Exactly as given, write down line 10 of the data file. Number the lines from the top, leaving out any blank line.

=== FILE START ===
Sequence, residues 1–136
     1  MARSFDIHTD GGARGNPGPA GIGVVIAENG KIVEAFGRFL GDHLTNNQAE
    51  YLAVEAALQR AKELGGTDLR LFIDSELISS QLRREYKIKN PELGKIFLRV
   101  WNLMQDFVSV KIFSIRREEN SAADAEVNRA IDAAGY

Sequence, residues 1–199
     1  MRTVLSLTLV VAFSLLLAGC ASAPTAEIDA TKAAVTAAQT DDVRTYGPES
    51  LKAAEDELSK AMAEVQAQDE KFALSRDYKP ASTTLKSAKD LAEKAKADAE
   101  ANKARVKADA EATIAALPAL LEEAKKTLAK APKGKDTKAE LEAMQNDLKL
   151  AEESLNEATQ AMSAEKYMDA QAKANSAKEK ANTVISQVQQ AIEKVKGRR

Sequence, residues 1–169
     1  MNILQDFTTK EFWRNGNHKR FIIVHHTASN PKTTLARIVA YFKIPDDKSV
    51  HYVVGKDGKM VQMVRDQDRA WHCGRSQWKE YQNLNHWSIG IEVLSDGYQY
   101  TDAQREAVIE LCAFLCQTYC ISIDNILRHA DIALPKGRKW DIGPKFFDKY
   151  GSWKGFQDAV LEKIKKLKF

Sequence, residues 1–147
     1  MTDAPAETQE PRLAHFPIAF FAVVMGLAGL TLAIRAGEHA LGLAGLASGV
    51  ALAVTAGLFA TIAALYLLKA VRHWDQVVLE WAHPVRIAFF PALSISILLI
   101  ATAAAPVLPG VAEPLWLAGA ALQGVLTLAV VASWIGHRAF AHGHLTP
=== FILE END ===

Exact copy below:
Sequence, residues 1–169